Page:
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Re: [PATCH] Some accessibility improvements



On Monday, 16 July 2012 12:44:07 Jesse Keating wrote:

> Really sorry to say this, but we've been re-writing the UI.  There is
> a newui branch in upstream git where this is happening.  All the code
> in pyanaconda/iw/ is slated to go away, which makes all the patches
> here not as useful as you would have hoped.

Drat. Oh well, life happens....

While the patches are admittedly no longer useful as patches, what the 
patches do likely still is. Namely, if you want your new UI to be 
accessible:

1. Most of your labels should programmatically point to the widget they
    are labeling. The easiest way to do this is set the mnemonic-widget
    property and let Gtk+ do the accessibility automatically for you.

    Related note: If you have a GtkLabel within a container applying to
    a  group of widgets in that container, you can make the container
    the mnemonic-widget. And you should. That way when users first
    give focus to a more traditional widget, their screen reader can
    also present the group label as context.

2. On any given "screen" or step in a wizard, do NOT do a focus grab
    on the "Next" button. Doing so means that each time a user who
    is blind goes to the next screen/step, all he or she is told is
    "Next" because screen readers track and present focus changes.
    Before too long, the gnome-shell screen magnifier will also track
    focus changes. As a result, for these users, what they should be
    viewing may be off screen because the magnifier is showing the
    "Next" button. Making users have to hunt around to figure out
    what a screen/step accomplishes and provide the needed info
    is not especially accessible. This brings me to:

3. On any given "screen" or step in a wizard, DO the focus grab on
    the first widget. If you have also done item 1 correctly, the result
    will be that moving from step to step causes screen readers and
    screen magnifiers to automatically present what the user needs
    to know.

4. On any given "screen" or step in a wizard, consider making the "Next" 
    button the default. That way, users can still press Return to 
    advance to the next step if no changes are needed in the current 
    one.

5. Be on the lookout for stock widget name conflicts, especially when
    graphical buttons are being used. One of the advanced steps in
    Anaconda allows the user to choose which disks should be included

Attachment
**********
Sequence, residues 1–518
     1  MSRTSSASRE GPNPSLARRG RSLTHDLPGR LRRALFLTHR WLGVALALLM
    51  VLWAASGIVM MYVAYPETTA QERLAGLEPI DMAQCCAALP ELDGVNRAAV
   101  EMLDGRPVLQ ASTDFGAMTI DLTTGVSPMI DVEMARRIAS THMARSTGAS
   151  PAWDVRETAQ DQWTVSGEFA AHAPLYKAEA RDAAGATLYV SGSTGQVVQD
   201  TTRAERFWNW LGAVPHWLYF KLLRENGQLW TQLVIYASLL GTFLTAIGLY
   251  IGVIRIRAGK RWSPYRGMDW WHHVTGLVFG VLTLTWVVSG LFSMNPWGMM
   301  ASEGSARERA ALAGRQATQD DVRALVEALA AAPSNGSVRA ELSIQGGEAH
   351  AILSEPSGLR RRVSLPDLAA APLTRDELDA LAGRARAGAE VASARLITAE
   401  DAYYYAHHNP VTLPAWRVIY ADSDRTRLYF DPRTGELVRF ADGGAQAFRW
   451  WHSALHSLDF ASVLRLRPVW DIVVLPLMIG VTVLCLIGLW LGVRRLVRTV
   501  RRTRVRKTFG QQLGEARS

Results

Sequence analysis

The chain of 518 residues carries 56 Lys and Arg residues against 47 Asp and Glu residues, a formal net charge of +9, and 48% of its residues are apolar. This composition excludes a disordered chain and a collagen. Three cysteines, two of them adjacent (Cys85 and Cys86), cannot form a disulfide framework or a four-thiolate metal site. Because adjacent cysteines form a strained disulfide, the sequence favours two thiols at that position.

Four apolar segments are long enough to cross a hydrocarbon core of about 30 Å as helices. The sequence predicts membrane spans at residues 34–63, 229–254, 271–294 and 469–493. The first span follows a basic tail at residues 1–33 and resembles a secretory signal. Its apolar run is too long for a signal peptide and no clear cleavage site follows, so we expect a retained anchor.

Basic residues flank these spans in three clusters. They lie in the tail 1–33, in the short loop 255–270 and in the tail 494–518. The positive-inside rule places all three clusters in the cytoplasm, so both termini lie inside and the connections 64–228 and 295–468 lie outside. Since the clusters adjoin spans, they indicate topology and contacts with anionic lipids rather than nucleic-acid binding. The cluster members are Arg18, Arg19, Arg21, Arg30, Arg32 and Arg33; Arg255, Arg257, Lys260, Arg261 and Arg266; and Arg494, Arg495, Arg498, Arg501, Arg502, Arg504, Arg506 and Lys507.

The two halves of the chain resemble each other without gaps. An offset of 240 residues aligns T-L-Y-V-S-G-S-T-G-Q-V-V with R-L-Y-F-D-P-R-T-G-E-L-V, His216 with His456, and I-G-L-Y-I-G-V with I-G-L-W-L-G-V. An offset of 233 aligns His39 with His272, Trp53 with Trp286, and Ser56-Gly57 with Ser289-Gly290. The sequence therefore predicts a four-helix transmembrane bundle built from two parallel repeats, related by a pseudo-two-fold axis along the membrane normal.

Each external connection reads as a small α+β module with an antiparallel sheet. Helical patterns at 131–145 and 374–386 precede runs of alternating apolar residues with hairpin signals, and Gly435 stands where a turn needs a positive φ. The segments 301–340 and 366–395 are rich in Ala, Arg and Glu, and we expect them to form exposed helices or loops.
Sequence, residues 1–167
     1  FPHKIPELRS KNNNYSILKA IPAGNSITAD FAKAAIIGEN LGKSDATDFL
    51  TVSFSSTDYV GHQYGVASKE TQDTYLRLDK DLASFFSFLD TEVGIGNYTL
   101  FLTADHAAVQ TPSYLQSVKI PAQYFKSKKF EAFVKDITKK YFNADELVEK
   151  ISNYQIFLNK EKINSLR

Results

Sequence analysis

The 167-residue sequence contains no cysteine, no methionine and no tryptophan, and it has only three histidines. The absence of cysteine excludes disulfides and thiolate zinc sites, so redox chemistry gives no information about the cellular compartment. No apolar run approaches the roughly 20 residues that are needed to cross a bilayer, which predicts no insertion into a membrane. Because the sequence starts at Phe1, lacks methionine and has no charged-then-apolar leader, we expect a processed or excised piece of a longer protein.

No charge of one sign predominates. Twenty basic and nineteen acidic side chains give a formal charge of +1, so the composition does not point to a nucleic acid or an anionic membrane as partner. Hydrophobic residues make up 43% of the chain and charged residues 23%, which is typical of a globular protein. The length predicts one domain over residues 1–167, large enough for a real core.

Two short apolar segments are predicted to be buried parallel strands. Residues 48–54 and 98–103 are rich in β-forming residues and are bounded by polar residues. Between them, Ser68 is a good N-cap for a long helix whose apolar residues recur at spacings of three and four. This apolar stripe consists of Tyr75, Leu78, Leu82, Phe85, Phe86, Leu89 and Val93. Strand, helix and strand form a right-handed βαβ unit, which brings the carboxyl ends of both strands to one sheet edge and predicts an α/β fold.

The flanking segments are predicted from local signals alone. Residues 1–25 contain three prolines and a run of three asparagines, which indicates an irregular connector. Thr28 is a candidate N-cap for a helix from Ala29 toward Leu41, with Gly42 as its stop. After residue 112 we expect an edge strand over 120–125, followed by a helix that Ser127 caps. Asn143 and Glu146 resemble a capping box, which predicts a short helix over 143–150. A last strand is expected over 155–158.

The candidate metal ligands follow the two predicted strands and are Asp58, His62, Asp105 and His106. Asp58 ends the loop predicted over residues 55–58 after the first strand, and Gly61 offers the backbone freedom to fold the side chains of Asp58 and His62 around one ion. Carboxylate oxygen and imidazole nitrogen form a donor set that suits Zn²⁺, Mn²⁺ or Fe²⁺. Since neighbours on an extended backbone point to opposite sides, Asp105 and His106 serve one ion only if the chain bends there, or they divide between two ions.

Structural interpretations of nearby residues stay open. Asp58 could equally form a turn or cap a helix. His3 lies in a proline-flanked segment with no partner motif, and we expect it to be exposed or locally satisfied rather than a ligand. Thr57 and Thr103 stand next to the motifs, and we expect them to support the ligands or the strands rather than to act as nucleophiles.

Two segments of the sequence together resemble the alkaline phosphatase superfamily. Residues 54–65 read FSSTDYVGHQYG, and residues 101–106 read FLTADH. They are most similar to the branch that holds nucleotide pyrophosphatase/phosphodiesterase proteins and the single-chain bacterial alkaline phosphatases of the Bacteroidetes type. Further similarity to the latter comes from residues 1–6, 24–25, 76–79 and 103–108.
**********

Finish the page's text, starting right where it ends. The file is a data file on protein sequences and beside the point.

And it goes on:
in the install, and has the user select drives and then press stock
    buttons which have left and right arrows to indicate the direction
    of movement. This makes sense visually; non-visually it does not
    because the user doesn't see spatially where things are moving.
    (i.e. that the "don't include" list is on the left and the "do
    include" is not known because it cannot be seen and is not being
    stated). This problem is complicated by the fact that the installer
    as a wizard has a "Back" button and the left-pointing arrow's stock
    name is "Back". If, in the new UI, that step is going to remain more
    or less as-is, please change the accessible name of the stock
    widgets. (I believe this is possible; I've not yet tried it. And
    that brings me to....)

As you can see, accessible UIs really aren't rocket science. :) Gtk+ 
gives you quite a bit of accessibility goodness automatically. As you 
have also seen, my "want to do" items on my TODO list can fall victim to 
my "must do" items. :( So.... If those of you working on the new UI can 
keep the above 5 things in mind, you can be ensuring most things are 
accessible all along the way.  Should you have questions as you are 
doing so, come on by #a11y in irc.gnome.org. I'm usually there (though 
often idling), ditto for Benjamin Otte who is our resident Gtk+ 
accessibility expert.  Many other Accessibility Team members are 
typically there as well, and we would all be more than happy to help you 
sort out any questions or problems you have. Lastly, when you get closer 
to having the new UI completed and would like someone to give it a spin 
to be sure it's accessible, please let me know.

Thanks and take care.
--joanie


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